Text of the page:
Essentially, the scratch disk is a Photoshop feature that temporarily performs as your Photoshop hard drive. The program uses it as a “swap” space of sorts. Alternatively, Photoshop uses the scratch disk feature as virtual memory when your system runs out of required RAM to perform a particular operation.
Clearly, when you get a Photoshop scratch disk full error, it means that Photoshop isn’t able to perform well. There are a few ways of tackling this error and you should definitely try them all out until it’s fixed. This error won’t go away on its own and it will hinder your Photoshop operations.
Set Up Scratch Disks
If you have a single partition on your computer, the scratch disk will be set up on that disk (naturally). If you have multiple partitions, Photoshop will use the drive where your operative system is installed (by default).
Fortunately, you can easily change the location of the scratch disk, as well as set up additional locations to make things run smoother. This is done via Photoshop Preferences. Just go to the Edit tab in Photoshop, select Preferences, and then click Scratch Disks. On Mac computers, select the Photoshop CC Menu and then go to Preferences and Scratch Disks.
If you’re really serious about avoiding this issue and are someone who predominantly uses Photoshop on a daily, professional basis, you may want to consider creating an entire hard drive partition dedicated to your Photoshop scratch disk. Then, you can set up the selected scratch drive partition to be the fastest drive on your computer.
If possible, avoid designating your Windows drive as your scratch drive. Instead, consider not using the drive where you store your edits, and never use network/removable drives as scratch disks.
Clear Disk Space
The most straightforward way to go when you see this error message is to, well, free up some disk space. Go to the partition designated for your scratch disk and start deleting unnecessary files. Start with the big ones, such as movies, TV shows, video games, etc. This should clear up the disk space on the scratch disk and fix the error.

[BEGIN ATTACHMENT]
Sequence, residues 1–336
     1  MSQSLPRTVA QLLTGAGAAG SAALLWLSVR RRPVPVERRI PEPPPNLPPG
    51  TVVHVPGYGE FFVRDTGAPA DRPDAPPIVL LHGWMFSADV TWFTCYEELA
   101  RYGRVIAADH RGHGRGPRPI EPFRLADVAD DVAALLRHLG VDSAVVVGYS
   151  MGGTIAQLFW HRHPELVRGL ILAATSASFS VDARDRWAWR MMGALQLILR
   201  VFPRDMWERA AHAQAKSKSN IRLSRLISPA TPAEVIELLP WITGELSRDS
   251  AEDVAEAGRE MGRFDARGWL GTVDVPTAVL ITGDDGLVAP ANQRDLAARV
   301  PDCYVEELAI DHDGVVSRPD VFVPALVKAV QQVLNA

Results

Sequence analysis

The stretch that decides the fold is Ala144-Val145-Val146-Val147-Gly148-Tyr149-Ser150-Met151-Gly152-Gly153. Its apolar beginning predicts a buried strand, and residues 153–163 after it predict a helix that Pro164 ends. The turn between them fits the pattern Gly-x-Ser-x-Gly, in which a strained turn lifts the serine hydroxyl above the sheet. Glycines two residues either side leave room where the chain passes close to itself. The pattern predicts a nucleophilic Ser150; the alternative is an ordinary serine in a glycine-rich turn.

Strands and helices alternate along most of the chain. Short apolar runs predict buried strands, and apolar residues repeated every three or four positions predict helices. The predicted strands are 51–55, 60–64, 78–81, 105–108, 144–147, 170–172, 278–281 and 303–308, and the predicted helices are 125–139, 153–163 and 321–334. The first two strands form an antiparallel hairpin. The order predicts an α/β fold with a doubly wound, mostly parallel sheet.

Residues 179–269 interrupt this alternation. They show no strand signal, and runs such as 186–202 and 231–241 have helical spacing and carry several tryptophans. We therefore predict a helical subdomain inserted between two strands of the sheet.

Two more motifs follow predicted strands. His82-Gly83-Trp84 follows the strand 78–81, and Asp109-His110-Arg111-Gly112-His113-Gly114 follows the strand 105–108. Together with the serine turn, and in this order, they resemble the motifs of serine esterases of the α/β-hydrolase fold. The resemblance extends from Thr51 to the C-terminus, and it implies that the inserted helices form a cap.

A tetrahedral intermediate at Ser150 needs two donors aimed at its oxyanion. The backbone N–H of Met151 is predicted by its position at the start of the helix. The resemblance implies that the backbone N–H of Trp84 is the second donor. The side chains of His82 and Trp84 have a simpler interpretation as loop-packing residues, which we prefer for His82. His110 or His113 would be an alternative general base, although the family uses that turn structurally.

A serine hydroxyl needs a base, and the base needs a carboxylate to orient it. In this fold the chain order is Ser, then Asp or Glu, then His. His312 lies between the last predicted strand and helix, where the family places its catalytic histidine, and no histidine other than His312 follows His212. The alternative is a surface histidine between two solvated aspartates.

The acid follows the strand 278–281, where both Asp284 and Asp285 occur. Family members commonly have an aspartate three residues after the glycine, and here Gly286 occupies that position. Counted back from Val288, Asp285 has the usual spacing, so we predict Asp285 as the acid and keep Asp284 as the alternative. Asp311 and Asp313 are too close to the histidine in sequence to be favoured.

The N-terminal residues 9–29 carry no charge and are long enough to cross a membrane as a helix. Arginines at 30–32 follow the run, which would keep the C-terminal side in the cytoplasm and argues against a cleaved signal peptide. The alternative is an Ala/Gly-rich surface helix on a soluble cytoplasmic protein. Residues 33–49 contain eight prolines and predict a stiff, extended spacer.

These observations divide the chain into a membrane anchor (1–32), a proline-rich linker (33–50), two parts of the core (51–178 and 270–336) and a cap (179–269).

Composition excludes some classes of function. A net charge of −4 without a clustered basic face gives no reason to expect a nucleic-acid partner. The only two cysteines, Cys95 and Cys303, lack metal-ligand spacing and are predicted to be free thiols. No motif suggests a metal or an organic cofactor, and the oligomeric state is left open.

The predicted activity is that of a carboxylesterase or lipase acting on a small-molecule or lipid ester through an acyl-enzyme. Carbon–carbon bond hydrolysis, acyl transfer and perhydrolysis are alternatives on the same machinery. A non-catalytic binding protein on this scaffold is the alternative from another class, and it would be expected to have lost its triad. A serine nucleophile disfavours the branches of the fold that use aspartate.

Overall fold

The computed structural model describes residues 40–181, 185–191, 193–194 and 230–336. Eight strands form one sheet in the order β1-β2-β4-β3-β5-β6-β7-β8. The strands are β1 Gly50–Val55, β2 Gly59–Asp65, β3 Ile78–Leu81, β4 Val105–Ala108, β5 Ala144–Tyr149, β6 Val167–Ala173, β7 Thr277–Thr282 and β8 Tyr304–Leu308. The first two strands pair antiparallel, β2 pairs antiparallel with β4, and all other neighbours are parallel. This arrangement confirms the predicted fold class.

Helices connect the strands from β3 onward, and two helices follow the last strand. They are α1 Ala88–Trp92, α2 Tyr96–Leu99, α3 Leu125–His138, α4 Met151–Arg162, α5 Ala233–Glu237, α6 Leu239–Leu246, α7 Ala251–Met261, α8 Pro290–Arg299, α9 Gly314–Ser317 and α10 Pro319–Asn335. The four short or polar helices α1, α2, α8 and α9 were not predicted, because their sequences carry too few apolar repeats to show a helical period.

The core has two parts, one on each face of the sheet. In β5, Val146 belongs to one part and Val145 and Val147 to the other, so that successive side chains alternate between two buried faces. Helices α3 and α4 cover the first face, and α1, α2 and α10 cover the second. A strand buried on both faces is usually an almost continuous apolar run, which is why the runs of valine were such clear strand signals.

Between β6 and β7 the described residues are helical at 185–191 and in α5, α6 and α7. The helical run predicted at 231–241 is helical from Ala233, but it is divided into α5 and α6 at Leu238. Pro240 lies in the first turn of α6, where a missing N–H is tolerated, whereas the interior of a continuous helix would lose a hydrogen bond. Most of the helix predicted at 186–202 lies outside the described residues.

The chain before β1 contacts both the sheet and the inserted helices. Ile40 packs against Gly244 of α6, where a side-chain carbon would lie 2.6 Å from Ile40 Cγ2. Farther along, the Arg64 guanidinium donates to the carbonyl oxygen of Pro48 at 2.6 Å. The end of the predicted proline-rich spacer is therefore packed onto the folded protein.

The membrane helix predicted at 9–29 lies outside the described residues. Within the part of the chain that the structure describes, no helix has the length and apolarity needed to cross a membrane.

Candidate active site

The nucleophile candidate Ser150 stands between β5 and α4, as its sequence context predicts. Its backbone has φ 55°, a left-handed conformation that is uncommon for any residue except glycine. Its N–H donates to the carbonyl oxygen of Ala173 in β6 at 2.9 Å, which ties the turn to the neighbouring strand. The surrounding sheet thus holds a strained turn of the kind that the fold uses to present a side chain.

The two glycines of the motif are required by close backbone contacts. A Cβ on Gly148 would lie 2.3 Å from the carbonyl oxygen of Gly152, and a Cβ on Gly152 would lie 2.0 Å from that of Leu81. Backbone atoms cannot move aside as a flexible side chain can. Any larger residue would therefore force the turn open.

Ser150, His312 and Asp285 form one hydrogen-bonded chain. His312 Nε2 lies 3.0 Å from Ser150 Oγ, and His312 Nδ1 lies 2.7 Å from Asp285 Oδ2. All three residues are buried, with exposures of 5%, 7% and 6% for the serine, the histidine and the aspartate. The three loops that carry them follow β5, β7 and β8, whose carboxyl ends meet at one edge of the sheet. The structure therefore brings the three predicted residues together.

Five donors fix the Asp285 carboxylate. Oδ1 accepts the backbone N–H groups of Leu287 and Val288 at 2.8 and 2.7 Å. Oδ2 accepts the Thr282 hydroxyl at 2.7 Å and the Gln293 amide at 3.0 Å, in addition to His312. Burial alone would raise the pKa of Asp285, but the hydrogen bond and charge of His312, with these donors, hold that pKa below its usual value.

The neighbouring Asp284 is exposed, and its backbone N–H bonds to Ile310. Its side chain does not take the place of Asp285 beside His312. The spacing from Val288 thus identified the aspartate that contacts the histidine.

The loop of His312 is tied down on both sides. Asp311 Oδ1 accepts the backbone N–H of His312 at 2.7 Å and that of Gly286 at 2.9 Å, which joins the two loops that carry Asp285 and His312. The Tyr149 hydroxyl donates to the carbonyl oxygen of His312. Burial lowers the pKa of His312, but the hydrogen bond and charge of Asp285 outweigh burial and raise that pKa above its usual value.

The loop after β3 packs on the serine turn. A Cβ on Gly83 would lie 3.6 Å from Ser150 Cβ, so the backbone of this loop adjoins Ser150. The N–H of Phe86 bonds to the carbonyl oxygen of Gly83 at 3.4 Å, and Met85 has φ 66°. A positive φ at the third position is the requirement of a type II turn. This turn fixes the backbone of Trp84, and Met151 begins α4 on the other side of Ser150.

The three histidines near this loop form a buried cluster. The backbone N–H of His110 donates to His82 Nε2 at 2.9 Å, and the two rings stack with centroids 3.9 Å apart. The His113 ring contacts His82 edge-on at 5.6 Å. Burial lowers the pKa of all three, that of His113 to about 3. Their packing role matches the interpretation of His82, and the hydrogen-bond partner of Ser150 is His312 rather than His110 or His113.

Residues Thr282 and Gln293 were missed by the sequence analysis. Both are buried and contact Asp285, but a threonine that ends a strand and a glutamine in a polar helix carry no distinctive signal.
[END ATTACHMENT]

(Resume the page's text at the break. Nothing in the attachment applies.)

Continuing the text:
Delete the Temp Files
Nobody likes having their apps crash. If you aren’t in the habit of hitting Ctrl + S on a regular basis, a crash can destroy hours of hard work, maybe even more. However, with Photoshop, things are a bit more serious. Whenever a Photoshop session crashes during an editing session or is shut down improperly, your scratch disk gets more cluttered.
When shut down properly, each Photoshop session will delete the temporary files automatically. If the shutdown process is interrupted or fails to complete successfully, the temp files will likely stay on the scratch disk, unnecessarily filling it up. This can easily cause the Photoshop scratch disk full error to appear. Fortunately, you can delete the temporary files manually, on Windows and on Mac
Just go to the temp file location (scratch disk) and look for files named ~PST####.tmp or Temp####, on Windows and Mac, respectively. The #### are numbers in this instance. Don’t worry. The temp files are absolutely safe to manually delete and this will give your scratch disk some wiggle room.
Defragment the Hard Disk
If there’s a lot of free space on the scratch disk partition and you still get the Photoshop scratch disk full error, your hard disk may be too fragmented to perform as a scratch disk. Keep in mind, one of the points of the scratch disk is to turn into virtual memory and replace your RAM when necessary. This isn’t possible with fragmented disks.
In this case, disk defragmentation might be in order. Keep in mind that disk defragmentation will erase all the files on the particular partition/disk so make sure that you have everything of importance backed up. This is why it’s generally recommended that you use a separate HDD for your Photoshop needs.
Switch Scratch Disks
You can select the category of your scratch disk from the Photoshop Preferences menu. From the list of your computer drives, you can select whichever one you’d prefer to function as the scratch disk. The shortcuts for this are Command + Option or Ctrl + Alt on Mac and PC, respectively.
Sometimes, when attempting to crop an image, you may get the Photoshop scratch disk full error. Fortunately, this is most likely the result of a human mistake. This tends to occur when you enter the size and resolution values in the options bar of the crop tool or when using wrong units.
For example, if you use inches instead of pixels for 1680×1050, this is going to prompt Photoshop to create a huge file, which will result in the Photoshop scratch disk full error. The solution here is pressing Clear in options after selecting the crop tool. Do this before selecting your crop, though.
Dealing with the Scratch Disk
There are a number of solutions that may work for the Photoshop scratch disk full error. Make sure that you’ve selected the proper location for your scratch disk needs and that your hard disk isn’t fragmented. Oh, and careful when cropping.
How have you dealt with this error? Which one of the mentioned tips did you find the most helpful? Feel free to join the discussion in the comments section below.